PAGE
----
Misconceptions about clean meat

I’ve seen a lot of misinformation about clean meat (also known as cellular agriculture or ‘lab meat’) and want to try and clear some of this up. I first just want to highlight this podcast interview of Our Hen House with Christie Lagally, scientist at the Good Food Institute, which covers much of the basic science and implications of clean meat. In particular, it covers many common misconceptions, and I’ll refer back to it.

First, a definition – According to New Harvest, cellular agriculture isthe production of agricultural products from cell cultures“. It is currently produced primarily by using fetal bovine serum (from my understanding, purchased from farmers when a pregnant female cow has been slaughtered), but can in theory be produced entirely from plants, without any animal intervention whatsoever. As Christie Lagally says in the Our Hen House podcast, if clean meat is ever to replace a large percentage of traditional agriculture (animal farming), this has to be the case. It is simply not feasible to mass produce clean meat using fetal bovine serum.

Yes, it is not ideal that we are currently using fetal bovine serum, and this is the crux of why many animal advocates oppose clean meat. But I would argue they are missing the bigger picture. For arguably a very small involvement in animal agriculture, we have the opportunity to reduce a vast amount of animal suffering. If clean meat replaces even just 1% of meat demand globally, it will have been worth it.

It is intriguing that most vegans are (admittedly sometimes without realising) ok with some participation in animal exploitation if it leads to better outcomes. For example, most car tyres are not vegan. Yet I still utilise vehicular transport. I, and many others, argue that the small amount of animal products used in this way is outweighed by the good that we do elsewhere because we are able to get around easily. You probably wouldn’t be a very good animal advocate if you had to walk everywhere. I would argue that clean meat is just another form of this argument, except with near limitless upside (it could revolutionise the food system), and it’s temporary. It’s because of this upside that I donated $60,000 AUD to the Good Food Institute last year (So perhaps you could say I’m biased? I would argue the opposite, I thought carefully about the arguments for and against and decided to donate as a result.).

This isn’t to say that I don’t think there are some potential downsides to clean meat. I do wonder if the looming possibility of commercially available clean meat might cause some near-veg*ns to not make the transition, because they figure they can hold out for clean meat. I’ve never seen an analysis of this, but it certainly seems plausible.

This brings me to an engagement I had via email with Trisha Roberts, host of the Vegan Trove podcast. In an online discussion about the pros and cons of clean meat, someone directed me to her podcast on the topic. If you don’t want to be biased by my summary, I suggest you listen first.

In short, I was pretty blown away. Not only was much of the material misleading, some of it was just blatantly incorrect. I sent Trisha an email addressing my concerns, so I’ll just copy that below.

Hi Vegantrove,

I just heard your two part podcast from 2016 titled ‘Clean meat’: http://www.vegantrove.com/2016/07/05/vegan-trove-0035pt1/

I thought it raised some good points, but I’d just like to point out some misleading comments.

You spoke about how GFI is a business which is publicly listed and can be bought and controlled by the likes of Monsanto. I’m unsure where you got this impression from, as GFI is a non-profit and can’t be bought.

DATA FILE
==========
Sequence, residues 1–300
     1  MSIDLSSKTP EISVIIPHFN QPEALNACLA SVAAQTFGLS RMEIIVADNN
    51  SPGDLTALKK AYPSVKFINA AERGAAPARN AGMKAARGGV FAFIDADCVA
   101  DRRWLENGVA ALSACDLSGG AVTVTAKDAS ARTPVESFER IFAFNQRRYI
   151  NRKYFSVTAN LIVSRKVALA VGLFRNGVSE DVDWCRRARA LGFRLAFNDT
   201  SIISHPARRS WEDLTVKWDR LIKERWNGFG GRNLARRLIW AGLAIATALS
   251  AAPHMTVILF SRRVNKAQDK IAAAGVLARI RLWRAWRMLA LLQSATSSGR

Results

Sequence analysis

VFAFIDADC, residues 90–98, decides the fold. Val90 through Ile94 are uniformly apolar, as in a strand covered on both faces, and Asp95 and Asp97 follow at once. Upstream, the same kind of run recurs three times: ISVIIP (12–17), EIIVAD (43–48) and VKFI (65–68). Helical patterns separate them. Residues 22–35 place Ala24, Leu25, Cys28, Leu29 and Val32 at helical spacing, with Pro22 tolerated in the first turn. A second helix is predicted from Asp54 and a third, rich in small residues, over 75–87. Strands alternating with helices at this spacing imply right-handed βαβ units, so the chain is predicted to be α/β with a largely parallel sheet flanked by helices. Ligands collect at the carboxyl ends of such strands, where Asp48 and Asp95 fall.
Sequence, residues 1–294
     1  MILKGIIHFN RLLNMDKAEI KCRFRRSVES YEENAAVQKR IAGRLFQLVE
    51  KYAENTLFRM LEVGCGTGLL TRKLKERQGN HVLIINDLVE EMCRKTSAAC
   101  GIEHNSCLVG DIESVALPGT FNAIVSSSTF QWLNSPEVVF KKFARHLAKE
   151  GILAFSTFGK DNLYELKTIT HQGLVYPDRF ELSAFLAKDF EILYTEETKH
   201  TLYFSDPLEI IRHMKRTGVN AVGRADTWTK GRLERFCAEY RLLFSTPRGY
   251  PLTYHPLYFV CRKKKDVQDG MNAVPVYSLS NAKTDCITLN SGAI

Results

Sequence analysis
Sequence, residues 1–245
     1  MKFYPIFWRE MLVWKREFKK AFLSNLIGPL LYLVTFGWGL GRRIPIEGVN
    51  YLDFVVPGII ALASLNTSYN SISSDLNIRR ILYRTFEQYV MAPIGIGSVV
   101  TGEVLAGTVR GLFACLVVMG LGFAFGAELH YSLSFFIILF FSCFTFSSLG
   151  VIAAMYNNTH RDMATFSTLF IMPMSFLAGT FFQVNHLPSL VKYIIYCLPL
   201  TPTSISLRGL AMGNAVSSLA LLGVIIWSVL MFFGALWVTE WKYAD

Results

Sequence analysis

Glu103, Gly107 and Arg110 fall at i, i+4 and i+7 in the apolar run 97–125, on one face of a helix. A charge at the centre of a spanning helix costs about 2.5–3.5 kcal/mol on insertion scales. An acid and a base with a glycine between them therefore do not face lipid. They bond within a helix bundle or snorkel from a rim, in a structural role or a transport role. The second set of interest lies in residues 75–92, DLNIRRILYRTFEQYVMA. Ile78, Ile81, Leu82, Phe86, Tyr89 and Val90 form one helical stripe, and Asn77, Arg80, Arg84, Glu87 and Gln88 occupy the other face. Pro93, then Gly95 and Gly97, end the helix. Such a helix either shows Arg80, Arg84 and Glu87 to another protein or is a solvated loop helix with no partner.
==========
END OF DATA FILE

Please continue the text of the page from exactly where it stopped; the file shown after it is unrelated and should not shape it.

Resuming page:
You also made it sound like the way clean meat is produced today is the way it always will be produced. This is likely misleading, because clean meat companies recognise that the only way to get scale with this is to be able to develop the culture entirely from plants, with no animal involvement whatsoever. This is not only theoretically possible, but similar work has already been achieved.

You criticise Bruce Freidrich et al for putting money into clean meat instead of vegan advocacy, but I think this misses the point. Bruce did that because he thinks it’s a more effective way of reducing suffering than vegan advocacy. E.g. there are many people in the world who wouldn’t be convinced by veganism, but many of them might switch to clean meat. I think this issue comes down to a difference in ethical framework rather than any factual disagreement. I understand that you approach animal ethics from a deontologist/abolitionist perspective, while Freidrich and many others approach it from a consequentialist perspective. If you hold different ethical views, you will of course come up with different answers for what we ought to do.

I hope this shed some light on the material you discussed in the podcast. I also hope you will consider issuing a correction. The comments that GFI is a business are particularly damaging, and entirely false.

Please don’t hesitate to get in touch if you want to discuss this at all.



I was particularly distressed by how she claimed GFI was a business, and went on about this at length. I have no idea where she could possibly have gotten this idea from. She also spoke at length about a possible future world where we all had a local chicken or pig or cow that we could harvest cells from and grow them in a culture whenever we wanted food. As I said above, this is unrealistic and not feasible. If people think this world really is the future of clean meat, I can see why people would reject it.

Trisha responded with a rather detailed email of her own. I’ve asked her for permission to share part or all of it here, as I think it highlights her views succinctly, but she declined, so I will briefly cover them here.

First, she didn’t address my concern about her claims that GFI is a business that could be bought out by Monsanto and used for evil. That point was either missed or ignored.